Death of confessed Long Prairie killer prompts mixed emotions

Associated Press

SAUK RAPIDS, Minn. -- The apparent suicide of Jonathan Carpenter, who confessed to his role in the killing of a Long Prairie family, prompted a mix of excitement, relief and happiness among close friends of the family.

"I was questioning how I felt about it after I heard of the death," said family friend Kjerstin Wall, 19, on Friday. "I was excited, but I didn't know why."

Officials said Carpenter, 21, apparently hanged himself late Thursday at the state prison in St. Cloud. He was sentenced to three life terms without parole for the April 28 killings of Holly Chromey, 49, and her children, Katie Zapzalka, 18, and Jerrod Zapzalka, 16.

Carpenter said he and Christopher Earl, 20, of Brooklyn Park, broke into their Long Prairie home at random. Earl is awaiting trial.


"He's given himself the punishment that we would've liked him to have," said Sue Bleess, a family friend who lives in Sauk Rapids. "I only wish that we could've been the ones doing it to him. I wish he knew we were doing it."

Bleess, Wall and Rachel Sobotka gathered in Sauk Rapids after hearing of Carpenter's death.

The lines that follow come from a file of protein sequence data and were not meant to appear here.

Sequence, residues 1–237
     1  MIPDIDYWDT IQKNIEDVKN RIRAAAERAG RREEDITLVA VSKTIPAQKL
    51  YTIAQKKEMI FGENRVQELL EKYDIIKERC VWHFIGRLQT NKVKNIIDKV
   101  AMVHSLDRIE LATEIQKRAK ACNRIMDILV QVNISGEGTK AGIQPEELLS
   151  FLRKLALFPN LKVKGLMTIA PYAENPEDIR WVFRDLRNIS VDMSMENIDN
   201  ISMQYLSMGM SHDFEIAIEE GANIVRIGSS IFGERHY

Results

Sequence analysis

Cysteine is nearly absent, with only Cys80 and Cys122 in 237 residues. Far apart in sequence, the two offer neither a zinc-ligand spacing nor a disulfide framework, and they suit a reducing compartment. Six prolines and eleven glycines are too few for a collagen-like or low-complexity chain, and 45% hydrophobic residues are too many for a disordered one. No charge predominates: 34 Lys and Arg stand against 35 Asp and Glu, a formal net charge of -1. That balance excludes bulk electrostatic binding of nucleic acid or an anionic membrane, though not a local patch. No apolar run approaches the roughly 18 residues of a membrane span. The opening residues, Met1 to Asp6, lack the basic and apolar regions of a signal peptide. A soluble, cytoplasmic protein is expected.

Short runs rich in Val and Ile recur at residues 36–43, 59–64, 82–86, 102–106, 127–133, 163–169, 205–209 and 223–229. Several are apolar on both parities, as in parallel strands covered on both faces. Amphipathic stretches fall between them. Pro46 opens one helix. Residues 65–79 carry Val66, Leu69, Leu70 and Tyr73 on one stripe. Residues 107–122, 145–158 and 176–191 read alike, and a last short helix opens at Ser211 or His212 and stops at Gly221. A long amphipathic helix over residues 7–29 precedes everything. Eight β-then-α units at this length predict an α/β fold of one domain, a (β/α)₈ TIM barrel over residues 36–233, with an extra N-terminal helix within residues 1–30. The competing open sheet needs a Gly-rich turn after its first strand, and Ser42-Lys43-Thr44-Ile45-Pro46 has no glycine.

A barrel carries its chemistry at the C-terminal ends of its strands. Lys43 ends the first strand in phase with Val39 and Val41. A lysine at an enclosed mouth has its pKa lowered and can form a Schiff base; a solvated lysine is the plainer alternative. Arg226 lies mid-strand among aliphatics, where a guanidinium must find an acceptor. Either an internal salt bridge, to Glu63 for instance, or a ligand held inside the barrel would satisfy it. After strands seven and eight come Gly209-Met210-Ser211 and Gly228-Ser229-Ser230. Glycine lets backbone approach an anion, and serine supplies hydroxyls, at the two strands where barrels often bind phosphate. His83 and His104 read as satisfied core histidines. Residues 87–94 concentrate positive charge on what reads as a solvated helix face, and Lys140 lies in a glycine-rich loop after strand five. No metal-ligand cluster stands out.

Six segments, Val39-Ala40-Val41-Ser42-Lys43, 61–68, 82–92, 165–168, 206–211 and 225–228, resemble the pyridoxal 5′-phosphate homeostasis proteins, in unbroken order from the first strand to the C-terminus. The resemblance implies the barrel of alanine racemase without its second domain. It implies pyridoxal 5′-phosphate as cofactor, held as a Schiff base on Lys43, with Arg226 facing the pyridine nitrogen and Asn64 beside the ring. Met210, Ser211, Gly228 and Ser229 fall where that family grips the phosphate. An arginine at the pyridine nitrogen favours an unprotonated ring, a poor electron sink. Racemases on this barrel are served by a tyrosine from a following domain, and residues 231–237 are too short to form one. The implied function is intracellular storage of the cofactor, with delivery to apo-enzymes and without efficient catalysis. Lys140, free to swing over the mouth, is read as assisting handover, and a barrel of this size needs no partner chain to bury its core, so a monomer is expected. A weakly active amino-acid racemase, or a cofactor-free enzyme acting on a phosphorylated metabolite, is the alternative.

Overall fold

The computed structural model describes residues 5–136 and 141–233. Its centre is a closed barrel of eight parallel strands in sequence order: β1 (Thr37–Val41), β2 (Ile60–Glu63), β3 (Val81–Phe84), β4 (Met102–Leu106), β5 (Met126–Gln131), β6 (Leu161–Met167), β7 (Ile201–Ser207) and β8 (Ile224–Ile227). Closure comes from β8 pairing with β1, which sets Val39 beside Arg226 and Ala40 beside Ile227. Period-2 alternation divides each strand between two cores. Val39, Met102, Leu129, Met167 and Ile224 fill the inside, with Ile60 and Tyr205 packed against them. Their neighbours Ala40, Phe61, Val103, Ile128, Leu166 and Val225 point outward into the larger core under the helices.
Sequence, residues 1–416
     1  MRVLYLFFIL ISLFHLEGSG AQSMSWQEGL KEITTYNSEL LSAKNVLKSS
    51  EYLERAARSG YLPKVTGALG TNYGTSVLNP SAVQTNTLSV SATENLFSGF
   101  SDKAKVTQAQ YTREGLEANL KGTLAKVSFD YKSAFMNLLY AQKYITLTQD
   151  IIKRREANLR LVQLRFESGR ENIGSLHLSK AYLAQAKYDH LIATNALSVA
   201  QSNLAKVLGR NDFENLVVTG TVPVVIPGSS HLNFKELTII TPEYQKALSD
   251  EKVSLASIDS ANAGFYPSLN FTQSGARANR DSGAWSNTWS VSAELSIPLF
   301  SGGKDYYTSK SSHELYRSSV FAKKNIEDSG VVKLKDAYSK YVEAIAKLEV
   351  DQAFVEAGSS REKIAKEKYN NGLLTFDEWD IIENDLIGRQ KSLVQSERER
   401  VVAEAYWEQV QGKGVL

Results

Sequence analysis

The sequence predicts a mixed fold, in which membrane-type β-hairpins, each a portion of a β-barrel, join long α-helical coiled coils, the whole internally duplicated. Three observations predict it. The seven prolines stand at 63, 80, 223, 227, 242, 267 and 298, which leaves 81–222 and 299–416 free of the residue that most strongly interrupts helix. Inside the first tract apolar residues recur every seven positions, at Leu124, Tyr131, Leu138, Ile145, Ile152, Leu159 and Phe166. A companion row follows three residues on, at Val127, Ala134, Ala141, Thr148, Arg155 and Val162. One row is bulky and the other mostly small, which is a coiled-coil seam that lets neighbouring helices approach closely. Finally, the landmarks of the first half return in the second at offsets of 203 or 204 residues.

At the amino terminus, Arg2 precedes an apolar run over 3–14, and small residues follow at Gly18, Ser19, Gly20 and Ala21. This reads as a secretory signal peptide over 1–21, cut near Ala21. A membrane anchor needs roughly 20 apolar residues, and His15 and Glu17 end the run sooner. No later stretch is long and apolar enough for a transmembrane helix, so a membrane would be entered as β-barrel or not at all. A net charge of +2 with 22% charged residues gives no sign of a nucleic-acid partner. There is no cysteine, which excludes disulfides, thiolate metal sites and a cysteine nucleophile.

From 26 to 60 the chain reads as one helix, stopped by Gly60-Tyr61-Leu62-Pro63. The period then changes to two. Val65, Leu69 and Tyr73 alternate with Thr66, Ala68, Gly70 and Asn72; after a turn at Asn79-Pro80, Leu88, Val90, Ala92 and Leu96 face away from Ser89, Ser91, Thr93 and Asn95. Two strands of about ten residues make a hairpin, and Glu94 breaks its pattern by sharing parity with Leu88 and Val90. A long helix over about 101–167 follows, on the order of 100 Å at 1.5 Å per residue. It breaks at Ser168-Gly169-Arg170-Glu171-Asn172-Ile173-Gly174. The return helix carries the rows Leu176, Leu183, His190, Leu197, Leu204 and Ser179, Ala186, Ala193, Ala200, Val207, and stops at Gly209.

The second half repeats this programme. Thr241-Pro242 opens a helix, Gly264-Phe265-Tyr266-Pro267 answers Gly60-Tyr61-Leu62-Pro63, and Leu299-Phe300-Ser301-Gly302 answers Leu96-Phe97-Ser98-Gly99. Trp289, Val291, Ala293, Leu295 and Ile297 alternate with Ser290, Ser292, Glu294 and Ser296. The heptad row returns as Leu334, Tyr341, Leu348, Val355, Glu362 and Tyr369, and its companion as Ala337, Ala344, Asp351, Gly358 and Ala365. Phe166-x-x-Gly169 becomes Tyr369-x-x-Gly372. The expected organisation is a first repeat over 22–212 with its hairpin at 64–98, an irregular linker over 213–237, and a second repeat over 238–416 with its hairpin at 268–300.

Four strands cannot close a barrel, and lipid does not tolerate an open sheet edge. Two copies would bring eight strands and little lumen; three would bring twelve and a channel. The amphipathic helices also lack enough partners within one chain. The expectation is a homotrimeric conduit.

The three women are part of a closely knit group of friends pushing a petition drive to reinstate capital punishment in Minnesota for particularly brutal killers.

Their friends' deaths prompted the drive, even though Carpenter and Earl would've long since had their days in court. The friends believe capital punishment is the only way to make sure brutal killers never do it again.

Sobotka, 17, said she no longer worried that Carpenter would escape and kill others. Sobotka said she now only worries about Earl.

Bleess, 26, said she talked with Carpenter while he was in the Todd County Jail. She believed he was sorry for what he'd done but wouldn't have been sorry if he had never been caught.

Bleess got answers to some of her questions about the deaths but knows she'll never know everything. Carpenter's father arranged their talk, she said.

"Now he knows what it's like to lose his son," Bleess said. "Before this, he could still write to his son and go visit him. We had a grave site, pictures and memories. They were innocent, and he wasn't."

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